If I hadn’t had access to books about mythology and King Arthur and Robin Hood, I might not have become a Pagan, and my life would’ve been very different. The book that I count as the one that made me realize I’m Pagan is Puck of Pook’s Hill by Rudyard Kipling, but I’m sure all the mythology and other stories helped too.
My books are about inclusive Wicca and witchcraft; how to include LGBTQIA people, disabled people, and BIPOC people in ritual and witchcraft; embodied spirituality; and the inner work of ritual. My latest book, Changing Paths, is a companion guide for people changing from one religion to another.Continue reading
Books I read in 2022
Books I read in October 2022
Books I read in September 2022
Giants and gods, saints and heroes. Djinns and dragons. Loss and exile from one’s homeland.Continue reading
Books I read in August 2022
A wonderful novel given to me got my birthday by a friend, a hard science fiction murder mystery, and a couple of books I read as research for my upcoming book, Changing Paths.Continue reading
Books I read in June 2022
Revisiting an old book friend, reading the latest in a trilogy, and a new book by a friend.Continue reading
Books I read in May 2022
I started a couple of books and didn’t finish them so I only finished two books in May.Continue reading
Books I read in 2021
At the start of the year, I figured I’d try to read around one book a week. Then I faffed around in January starting books and not finishing them, and thought I’d fall well short of 52 books, so I reset my Goodreads target to 42 books (42 being a resonant number for Hitch-hikers fans).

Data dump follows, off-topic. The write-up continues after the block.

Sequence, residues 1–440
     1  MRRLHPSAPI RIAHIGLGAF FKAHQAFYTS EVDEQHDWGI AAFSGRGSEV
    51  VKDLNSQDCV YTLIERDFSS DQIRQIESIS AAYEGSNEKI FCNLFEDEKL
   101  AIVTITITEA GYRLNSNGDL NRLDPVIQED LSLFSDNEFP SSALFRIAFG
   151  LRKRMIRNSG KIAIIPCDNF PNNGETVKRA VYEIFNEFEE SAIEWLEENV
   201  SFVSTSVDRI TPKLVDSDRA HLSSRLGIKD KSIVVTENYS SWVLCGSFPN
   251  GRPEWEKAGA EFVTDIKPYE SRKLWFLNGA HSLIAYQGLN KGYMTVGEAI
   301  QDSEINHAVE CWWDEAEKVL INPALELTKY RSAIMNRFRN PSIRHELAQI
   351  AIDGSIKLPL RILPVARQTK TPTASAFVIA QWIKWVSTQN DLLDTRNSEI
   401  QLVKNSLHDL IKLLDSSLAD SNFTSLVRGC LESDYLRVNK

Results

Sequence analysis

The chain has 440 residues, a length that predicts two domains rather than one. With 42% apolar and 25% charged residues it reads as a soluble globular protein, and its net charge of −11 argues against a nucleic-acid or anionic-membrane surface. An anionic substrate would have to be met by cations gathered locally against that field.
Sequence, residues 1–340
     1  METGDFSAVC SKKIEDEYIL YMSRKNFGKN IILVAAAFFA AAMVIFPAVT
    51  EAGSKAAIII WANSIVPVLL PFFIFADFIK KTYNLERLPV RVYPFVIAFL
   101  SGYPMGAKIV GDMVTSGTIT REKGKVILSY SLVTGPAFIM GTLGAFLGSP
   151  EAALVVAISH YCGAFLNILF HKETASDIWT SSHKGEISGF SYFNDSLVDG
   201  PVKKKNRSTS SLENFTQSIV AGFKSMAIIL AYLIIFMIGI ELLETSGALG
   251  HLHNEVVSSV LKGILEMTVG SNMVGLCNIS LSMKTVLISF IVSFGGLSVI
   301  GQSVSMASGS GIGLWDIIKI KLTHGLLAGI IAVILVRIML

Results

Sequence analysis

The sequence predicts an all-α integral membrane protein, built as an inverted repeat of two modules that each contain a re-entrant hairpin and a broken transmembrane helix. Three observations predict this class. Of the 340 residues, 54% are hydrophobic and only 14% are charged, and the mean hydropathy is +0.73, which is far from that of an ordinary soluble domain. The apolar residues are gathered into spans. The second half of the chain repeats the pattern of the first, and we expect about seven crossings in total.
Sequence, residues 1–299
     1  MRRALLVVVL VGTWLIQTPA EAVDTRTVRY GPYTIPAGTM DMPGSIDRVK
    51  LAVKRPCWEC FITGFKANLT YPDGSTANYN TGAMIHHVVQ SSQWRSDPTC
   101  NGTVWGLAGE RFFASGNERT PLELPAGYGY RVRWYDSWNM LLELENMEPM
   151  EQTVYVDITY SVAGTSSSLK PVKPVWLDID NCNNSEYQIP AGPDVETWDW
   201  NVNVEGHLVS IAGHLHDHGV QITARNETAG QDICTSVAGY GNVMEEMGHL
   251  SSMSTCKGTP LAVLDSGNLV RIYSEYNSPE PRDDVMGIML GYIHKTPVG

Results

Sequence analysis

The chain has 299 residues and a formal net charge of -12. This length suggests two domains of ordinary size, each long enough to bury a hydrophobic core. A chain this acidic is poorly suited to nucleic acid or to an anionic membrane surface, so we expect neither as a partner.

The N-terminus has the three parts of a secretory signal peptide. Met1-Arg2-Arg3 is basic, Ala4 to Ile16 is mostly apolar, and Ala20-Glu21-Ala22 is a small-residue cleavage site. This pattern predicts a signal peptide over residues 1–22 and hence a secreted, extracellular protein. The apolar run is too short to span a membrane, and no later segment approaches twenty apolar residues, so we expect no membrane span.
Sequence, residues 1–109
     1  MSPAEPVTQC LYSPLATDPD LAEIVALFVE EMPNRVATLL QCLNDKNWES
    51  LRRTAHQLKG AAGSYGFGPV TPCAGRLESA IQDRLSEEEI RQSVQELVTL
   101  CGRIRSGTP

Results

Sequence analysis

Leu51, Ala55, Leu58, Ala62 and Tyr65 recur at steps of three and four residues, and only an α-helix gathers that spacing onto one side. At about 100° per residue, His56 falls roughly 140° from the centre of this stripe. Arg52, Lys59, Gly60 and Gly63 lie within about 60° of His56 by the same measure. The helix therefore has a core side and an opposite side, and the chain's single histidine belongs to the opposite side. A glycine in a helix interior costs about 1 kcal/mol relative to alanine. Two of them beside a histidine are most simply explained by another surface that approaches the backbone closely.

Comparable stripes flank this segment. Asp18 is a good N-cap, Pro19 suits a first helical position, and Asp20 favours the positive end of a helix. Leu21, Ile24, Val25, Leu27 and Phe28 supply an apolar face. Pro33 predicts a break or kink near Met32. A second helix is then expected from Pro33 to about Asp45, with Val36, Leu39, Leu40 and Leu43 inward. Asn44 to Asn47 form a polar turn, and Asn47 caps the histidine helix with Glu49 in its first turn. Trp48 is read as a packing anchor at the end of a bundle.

Around the middle of the year, I did a lot of reading, especially while we were camping, so I got ahead of schedule, and ended up with 52 books by the middle of December. Of course, I don’t read to complete targets, but since the advent of smart phones, I find it is good to note the amount of books I am reading, just to remind myself to put down the phone and pick up a book.
So here’s a list of my 2021 book review posts, and a list of books that I have read.Continue reading
Book review: Queer Qabala
Queer Qabala by Enfys J Book
Incredibly clear, beautifully written explanation of the Hermetic Qabala and its inherent queerness, expressed in the idea that there are three pillars (force, balance, and form), and that the Divine includes all genders and sexualities.
The book is written with style and wit by an expert in the subject. There are pathworkings to help you fully experience all aspects of the Qabala, and journal exercises to deepen your understanding of the worlds, spheres, and pathways of the Tree of Life.
All the aspects of the Tree are related to queer experiences and life events like coming out to yourself and others, and finding queer community. It explores both the wonderful and the scary aspects of being queer, including queer joy and sorrow.
This exploration of the many aspects of the Tree is grounded in a deep knowledge of the Qabala, and the overlapping Pagan and queer communities. This is a vision of Qabala that understands the importance of cyclicity: growth and decay, death and rebirth, darkness and light, immanence and transcendence, the manifest and the unmanifest.
It offers magical workings based on queer Qabala which relate to each sphere of the Tree of life and everyday experiences like getting a job or finishing a project. It is pragmatic and fun, accessible and inclusive.
This book will be valuable to everyone from beginners, who will find the subject thoroughly explored and explained, to people who are already working with Qabala, who will gain a fresh perspective on it. Sure to be a contemporary classic!
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